Motive (ABC – Wednesdays, 10:00 p.m. beginning May 21st)
I saw a grand total of one episode of this show last year and I actually liked it a lot but my schedule was full and didn’t have the time to fit it in. I despise police procedurals for the most part but the concept of the series, showing different aspects of the crime from different characters perspectives, is reminiscent of the short-lived but brilliant NBC series from 2002, Boomtown. I think it’s safe to say that if Boomtown had a short-order 13 episode summer schedule it would have run for several seasons but, alas, that kind of programming didn’t exist in the early 2000s so we all lost. Motive cleverly fills that hole in for this generation of television audiences and does so nicely.
Gang Related is a complex serialized drama revolving around a former gang member turned cop and the war between the police and organized crime in Los Angeles. The premise seems to ooze with clichés and recycles elements of other similar stories (see: The Departed) but it has a strong cast (Lost‘s Terry O’Quinn and The Shield‘s Catherine Dent in particular) and goddammit if those trailers don’t make it look compelling. The first two episodes are still sitting on the DVR so I can’t give an assessment but like the title of the article says, you might want to check it out.
What it’s got going for it: As noted, the series has a strong cast and it’s probably not that expensive to produce considering the shortened summer scheduling. Audience reaction has been positive thus far.
What it’s got going against it: Incredibly mixed reviews from critics noting the same problems that I expressed without having seen a single episode. It’s also on FOX and FOX has a tendency to sh*t their pants and cancel shows if they show any signs of losing their audience.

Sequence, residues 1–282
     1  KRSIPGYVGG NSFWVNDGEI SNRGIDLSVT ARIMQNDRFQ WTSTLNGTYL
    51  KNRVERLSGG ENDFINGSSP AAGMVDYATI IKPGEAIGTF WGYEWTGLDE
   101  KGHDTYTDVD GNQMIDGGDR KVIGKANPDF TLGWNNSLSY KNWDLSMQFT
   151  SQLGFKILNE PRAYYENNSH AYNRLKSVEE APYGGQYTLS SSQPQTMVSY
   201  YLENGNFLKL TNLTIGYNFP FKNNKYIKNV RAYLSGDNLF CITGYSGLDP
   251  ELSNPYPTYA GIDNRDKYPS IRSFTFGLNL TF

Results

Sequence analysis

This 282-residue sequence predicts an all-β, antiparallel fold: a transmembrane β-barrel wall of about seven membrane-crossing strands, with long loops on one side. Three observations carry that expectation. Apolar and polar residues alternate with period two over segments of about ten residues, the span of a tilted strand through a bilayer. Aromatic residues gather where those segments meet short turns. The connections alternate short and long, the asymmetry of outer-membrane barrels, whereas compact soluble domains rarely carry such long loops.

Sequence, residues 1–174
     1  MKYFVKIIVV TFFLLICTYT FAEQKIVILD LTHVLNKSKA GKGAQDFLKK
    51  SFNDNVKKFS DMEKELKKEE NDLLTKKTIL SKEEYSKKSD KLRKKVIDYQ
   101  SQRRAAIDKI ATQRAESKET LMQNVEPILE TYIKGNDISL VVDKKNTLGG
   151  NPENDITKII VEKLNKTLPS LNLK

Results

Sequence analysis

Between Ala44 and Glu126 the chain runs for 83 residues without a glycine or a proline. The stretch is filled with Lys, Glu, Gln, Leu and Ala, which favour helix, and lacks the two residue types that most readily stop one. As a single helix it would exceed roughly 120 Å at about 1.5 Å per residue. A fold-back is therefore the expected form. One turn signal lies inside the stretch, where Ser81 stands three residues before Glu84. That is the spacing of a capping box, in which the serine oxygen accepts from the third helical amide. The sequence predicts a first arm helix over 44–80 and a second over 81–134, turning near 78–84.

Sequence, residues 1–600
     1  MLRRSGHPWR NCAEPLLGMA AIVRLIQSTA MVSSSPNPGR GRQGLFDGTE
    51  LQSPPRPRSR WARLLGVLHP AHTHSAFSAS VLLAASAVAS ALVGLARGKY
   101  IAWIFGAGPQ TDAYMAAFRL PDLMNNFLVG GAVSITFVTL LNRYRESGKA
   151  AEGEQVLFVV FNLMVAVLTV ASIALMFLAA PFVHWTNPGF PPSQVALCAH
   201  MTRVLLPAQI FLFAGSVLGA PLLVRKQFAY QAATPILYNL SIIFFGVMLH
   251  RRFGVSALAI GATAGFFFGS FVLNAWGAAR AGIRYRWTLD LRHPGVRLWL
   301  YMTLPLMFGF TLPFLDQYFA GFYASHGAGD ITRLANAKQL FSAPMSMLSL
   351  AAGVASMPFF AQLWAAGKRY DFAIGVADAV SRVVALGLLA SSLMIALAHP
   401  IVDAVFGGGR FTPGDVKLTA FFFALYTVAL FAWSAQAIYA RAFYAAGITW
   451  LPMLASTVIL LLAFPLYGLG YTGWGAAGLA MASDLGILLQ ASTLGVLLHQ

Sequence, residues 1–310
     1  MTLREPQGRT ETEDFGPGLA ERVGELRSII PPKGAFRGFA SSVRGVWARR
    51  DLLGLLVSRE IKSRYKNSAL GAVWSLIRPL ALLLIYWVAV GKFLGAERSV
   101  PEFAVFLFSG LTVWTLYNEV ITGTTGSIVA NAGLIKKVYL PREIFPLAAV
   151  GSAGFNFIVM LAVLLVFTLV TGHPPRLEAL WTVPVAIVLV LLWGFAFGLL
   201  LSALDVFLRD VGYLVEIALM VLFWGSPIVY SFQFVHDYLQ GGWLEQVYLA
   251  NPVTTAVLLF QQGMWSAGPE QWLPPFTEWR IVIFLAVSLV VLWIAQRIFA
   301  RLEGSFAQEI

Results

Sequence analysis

Do you like clip shows? Well, if you do, The Wil Wheaton Project is for you! That is, of course, if you’re a big Science Fiction/Genre geek like I am. The easiest way to describe this series is to think of The Soup but specifically for nerds and when I say think of The Soup, I mean it’s EXACTLY like that series. I haven’t looked closely into it but there’s no doubt that the two series are using the same producers and writers as the style, writing and format are IDENTICAL. No, complaints here, though. This isn’t just one of those shows I suggest checking out, I highly recommend this series.
What it’s got going for it: I watched the first episode the other day and it was absolutely hilarious and done in such a manner that it doesn’t alienate a non-SciFi/Genre audience. This is an incredibly inexpensive show to produce and SyFy like cheap shows. Wil Wheaton’s ScifFi pedigree gives the series instant credibility (having Chris Hardwick make an appearance on your pilot doesn’t hurt either).
What it’s got going against it: Nothing. Shut up and enjoy it.
Wednesday marked the beginning of the second season of DirecTV’s original drama, Rogue. I only became a subscriber to DirecTV about a month ago and since I think torrenting is the equivalent of setting live puppies on fire and beating up old ladies I would never, ever, ever, ever, ever, ever, suggest anyone do anything, like say, perhaps visit a site like The Pirate Bay to get caught up. That being said, as described, the series looks pretty compelling (if not particularly original) as far as serialized detective shows are concerned with an undercover cop that gets entangled with organized crime. If, like me, you haven’t seen this series yet and you want to get caught up… oh, I’m sure you’ll find a way.
Until recently, my only interest in pirates was the Pirates of the Caribbean ride at Disneyland which to this day is my favorite ride of all time. I have seen several pirate movies over the years including the Disney films of the same title and I’ve enjoyed them but once again, I’ve had no interest in the genre. Perhaps that’s because my only exposure to Pirates has been through the fantasy colored lenses that Disney provides but honestly, after becoming immersed in Assassin’s Creed IV: Black Flag, I have really come to appreciate the history surrounding West Indies pirates. Crossbones is a series revolving around the legendary Blackbeard and stars John Malkovich in his first lead role on television. Looks like fun.
What it’s got going for it: Pirates are popular right now and John Malkovich brings a level of gravitas to the series that will get the attention of audiences.
What it’s got going against it: Mixed reviews so far and period pieces are expensive to produce. I’m not particularly comfortable with the Friday night slot during the summer, either and NBC is unpredictable with their programming choices.